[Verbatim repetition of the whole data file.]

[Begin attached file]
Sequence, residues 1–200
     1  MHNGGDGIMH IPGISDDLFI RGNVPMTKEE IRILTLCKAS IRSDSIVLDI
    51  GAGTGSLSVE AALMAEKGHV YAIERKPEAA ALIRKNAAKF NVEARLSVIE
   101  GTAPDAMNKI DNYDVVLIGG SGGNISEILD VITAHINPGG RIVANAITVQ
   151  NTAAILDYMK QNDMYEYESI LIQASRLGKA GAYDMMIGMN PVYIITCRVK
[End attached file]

Sequence, residues 1–200
     1  MHNGGDGIMH IPGISDDLFI RGNVPMTKEE IRILTLCKAS IRSDSIVLDI
    51  GAGTGSLSVE AALMAEKGHV YAIERKPEAA ALIRKNAAKF NVEARLSVIE
   101  GTAPDAMNKI DNYDVVLIGG SGGNISEILD VITAHINPGG RIVANAITVQ
   151  NTAAILDYMK QNDMYEYESI LIQASRLGKA GAYDMMIGMN PVYIITCRVK